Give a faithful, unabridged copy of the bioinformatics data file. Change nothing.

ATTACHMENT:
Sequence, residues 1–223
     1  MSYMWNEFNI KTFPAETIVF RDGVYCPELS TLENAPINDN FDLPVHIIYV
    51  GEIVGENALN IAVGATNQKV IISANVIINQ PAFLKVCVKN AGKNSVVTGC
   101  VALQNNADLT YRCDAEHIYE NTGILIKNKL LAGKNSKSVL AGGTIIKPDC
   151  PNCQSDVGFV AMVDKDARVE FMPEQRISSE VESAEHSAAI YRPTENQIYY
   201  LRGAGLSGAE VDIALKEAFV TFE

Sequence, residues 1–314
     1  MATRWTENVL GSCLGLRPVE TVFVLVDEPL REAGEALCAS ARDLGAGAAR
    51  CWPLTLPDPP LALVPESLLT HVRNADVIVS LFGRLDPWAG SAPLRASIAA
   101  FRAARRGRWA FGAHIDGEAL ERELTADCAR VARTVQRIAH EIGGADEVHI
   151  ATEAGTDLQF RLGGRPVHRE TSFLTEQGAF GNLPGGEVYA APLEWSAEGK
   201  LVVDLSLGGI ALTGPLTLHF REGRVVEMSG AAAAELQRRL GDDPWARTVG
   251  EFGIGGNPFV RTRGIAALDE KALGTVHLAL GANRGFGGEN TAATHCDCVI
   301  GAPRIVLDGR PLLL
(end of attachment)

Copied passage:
Sequence, residues 1–223
     1  MSYMWNEFNI KTFPAETIVF RDGVYCPELS TLENAPINDN FDLPVHIIYV
    51  GEIVGENALN IAVGATNQKV IISANVIINQ PAFLKVCVKN AGKNSVVTGC
   101  VALQNNADLT YRCDAEHIYE NTGILIKNKL LAGKNSKSVL AGGTIIKPDC
   151  PNCQSDVGFV AMVDKDARVE FMPEQRISSE VESAEHSAAI YRPTENQIYY
   201  LRGAGLSGAE VDIALKEAFV TFE

Sequence, residues 1–314
     1  MATRWTENVL GSCLGLRPVE TVFVLVDEPL REAGEALCAS ARDLGAGAAR
    51  CWPLTLPDPP LALVPESLLT HVRNADVIVS LFGRLDPWAG SAPLRASIAA
   101  FRAARRGRWA FGAHIDGEAL ERELTADCAR VARTVQRIAH EIGGADEVHI
   151  ATEAGTDLQF RLGGRPVHRE TSFLTEQGAF GNLPGGEVYA APLEWSAEGK
   201  LVVDLSLGGI ALTGPLTLHF REGRVVEMSG AAAAELQRRL GDDPWARTVG
   251  EFGIGGNPFV RTRGIAALDE KALGTVHLAL GANRGFGGEN TAATHCDCVI
   301  GAPRIVLDGR PLLL